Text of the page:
It is difficult to describe the magnitude of Alex Honnold’s free solo of El Capitan. There has always been a “what’s next” in climbing achievements featuring a built-in hierarchy for the ambitious rock climber to ascend. In sport and traditional climbing, it is difficulty. In bouldering it is difficulty, and recently, the height of the climb. But what would that ladder look like for free soloing? Difficulty, speed, and the height of the climb are all used to describe the weightiness of a solo, along with the exposure and other elements of risk.
In a single climb, Honnold eclipsed every conceivable category by which a solo climb could be dissected. Difficulty? How about 5.13a? Speed? 3300 vertical feet in under 4 hours. Height? The top of El Capitan, the biggest granite monolith on the planet. Not to mention the massive exposure, possibility of weather, and a host of other unknowns that Honnold conquered with his relaxed style and “no big deal” attitude.
Superlatives score heavily when they stem from credible sources, and in climbing, that means people that have ventured into equally groundbreaking ventures.
Tommy Caldwell, first to free climb the Dawn Wall of El Capitan with Kevin Jorgeson told National Geogarphic “This was the ‘moon landing’ of free soloing,” and described it to Outside Online as “It’s a generation defining climb…In terms of mastery, I am convinced it is one of the pinnacle sporting moments of all time.” (www.outsideonline.com)
Peter Croft, legendary Yosemite climber and the first to solo Astroman, also spoke to National Geographic saying “It was always the obvious next step, but after this, I really don’t see what’s next. This is the big classic jump.”
Renowned mountaineer and The North Face Athlete Team Captain Conrad Anker took to Instagram to say “El Capitan in pure style. Amazing and incomprehensible. So solid.”
Other professional climbers the world over resounded in unified amazement of Honnold’s feat. For instance, professional mountaineer and rock climber Emily Harrington called Honnold’s accomplishment “An achievement that is perhaps the greatest in the history of rock climbing,” on her Instagram.
Timmy O’Neill, recipient of a 2017 American Alpine Club Excellence in Climbing Award for his work with adaptive climbers described the feat like this: “Sometimes the illumination generated by another’s leading edge is so far out in front of conventional reality that we can only experience it later…most likely the most audacious climb ever, representing the sharpest end and the thinnest margin of error.”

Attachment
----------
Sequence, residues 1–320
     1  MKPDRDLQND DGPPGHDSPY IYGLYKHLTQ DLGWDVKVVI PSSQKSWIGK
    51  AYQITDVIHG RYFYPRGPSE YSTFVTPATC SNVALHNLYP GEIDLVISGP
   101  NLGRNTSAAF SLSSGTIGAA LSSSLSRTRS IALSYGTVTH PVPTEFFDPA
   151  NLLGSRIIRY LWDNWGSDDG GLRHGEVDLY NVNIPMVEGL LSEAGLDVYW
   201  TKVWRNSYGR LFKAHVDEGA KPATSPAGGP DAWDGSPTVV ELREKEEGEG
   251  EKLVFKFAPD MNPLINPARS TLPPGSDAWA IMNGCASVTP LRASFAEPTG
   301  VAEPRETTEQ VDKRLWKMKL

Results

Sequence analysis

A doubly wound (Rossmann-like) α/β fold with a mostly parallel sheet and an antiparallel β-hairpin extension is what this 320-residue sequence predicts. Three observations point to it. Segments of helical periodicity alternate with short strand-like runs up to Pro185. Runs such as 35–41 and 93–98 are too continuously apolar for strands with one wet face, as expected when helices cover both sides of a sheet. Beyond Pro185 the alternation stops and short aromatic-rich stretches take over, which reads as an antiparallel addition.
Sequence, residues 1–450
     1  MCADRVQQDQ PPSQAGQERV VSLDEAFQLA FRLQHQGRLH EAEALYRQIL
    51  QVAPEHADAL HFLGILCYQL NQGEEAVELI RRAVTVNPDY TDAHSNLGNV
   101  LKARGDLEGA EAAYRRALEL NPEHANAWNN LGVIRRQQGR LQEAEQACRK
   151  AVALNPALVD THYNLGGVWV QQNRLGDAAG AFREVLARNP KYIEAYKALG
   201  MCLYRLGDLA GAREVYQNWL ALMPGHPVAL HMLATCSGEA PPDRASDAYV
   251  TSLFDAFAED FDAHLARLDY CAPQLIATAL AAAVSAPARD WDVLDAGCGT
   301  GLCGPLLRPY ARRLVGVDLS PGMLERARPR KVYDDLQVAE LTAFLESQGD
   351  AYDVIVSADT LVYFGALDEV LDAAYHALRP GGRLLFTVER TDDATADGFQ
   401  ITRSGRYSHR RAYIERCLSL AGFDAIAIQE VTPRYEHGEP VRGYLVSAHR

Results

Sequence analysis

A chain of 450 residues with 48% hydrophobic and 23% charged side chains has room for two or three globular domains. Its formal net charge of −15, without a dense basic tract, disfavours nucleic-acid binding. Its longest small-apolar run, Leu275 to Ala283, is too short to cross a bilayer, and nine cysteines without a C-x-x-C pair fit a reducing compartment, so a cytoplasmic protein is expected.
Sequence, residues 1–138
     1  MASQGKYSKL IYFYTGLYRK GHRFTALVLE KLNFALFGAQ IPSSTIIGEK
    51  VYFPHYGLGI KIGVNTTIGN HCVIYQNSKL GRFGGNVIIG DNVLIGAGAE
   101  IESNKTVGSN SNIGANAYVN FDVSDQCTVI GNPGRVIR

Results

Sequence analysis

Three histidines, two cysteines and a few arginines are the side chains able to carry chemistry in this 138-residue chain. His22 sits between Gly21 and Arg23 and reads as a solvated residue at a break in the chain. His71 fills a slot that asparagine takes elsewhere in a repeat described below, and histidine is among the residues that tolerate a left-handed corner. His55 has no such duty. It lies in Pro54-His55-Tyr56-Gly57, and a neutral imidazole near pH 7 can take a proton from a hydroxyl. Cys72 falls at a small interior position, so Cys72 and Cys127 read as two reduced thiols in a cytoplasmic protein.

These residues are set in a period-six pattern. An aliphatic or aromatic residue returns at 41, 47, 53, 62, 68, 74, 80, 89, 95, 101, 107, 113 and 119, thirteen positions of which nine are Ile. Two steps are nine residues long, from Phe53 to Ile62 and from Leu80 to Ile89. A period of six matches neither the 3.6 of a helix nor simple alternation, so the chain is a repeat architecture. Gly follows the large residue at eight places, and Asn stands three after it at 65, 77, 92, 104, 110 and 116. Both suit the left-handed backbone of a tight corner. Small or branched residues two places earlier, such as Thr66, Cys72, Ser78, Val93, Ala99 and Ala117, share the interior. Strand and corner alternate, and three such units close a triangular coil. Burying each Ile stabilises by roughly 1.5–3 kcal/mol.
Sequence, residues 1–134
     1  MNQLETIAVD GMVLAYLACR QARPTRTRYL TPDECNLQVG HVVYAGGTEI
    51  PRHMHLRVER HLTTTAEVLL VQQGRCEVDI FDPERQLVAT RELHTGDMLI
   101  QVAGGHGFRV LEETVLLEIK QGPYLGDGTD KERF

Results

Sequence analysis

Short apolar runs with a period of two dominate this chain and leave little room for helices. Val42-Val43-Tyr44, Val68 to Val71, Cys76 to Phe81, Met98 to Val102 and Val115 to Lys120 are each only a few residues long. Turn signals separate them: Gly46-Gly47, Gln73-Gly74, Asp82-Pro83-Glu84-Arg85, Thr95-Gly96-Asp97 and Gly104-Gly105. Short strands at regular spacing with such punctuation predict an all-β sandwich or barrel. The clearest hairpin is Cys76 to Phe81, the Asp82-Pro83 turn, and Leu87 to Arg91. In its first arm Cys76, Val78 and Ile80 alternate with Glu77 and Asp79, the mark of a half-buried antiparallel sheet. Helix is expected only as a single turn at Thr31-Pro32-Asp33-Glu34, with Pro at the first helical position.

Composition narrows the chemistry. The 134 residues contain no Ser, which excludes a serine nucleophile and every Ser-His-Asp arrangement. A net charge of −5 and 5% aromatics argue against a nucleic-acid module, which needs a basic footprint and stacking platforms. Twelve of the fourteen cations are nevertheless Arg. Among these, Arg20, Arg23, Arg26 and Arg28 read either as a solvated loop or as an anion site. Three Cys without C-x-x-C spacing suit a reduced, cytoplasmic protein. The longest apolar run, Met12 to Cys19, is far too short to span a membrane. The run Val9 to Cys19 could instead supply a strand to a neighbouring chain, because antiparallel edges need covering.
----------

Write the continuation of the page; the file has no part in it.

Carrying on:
Climbing journalists that have seen many grandiose efforts are equally awestruck. For instance, Andrew Bisharat, Editor at Large for Rock and Ice Magazine writing for Evening Sends said “Already, I’ve seen climbers anoint this El Cap solo as the greatest achievement in sports–ever. But is it? The answer, probably, is yes.”
In posting to its Facebook page, Alpinist Magazine simply said “This is indisputably the greatest free solo of all time. Congratulations, Alex!”
Then there is the equally quotable Alex Honnold himself.
“There was no uncertainty on this. I knew exactly what to do the whole way. A lot of the handholds feel like old friends,” in an interview with Mark Synnott of National Geographic, moments after returning to the valley floor in Yosemite.
“I was pretty much elated, I was probably the happiest I’ve ever been. It’s something that I thought about for so long and dreamed about and worked so hard for. I mean, it’s pretty satisfying,” Honnold told the Associated Press in an interview on Sunday.
Congratulations again to Alex Honnold. You not only raised the bar, you set it in the stratosphere. In other sports, medals are awarded and riches earned by outdoing the competition by fractions of an inch or hundredths of a second. You, sir, have outdone even yourself by immeasurable margins. Enjoy. Now, maybe just go enjoy some casual sport climbing for a while?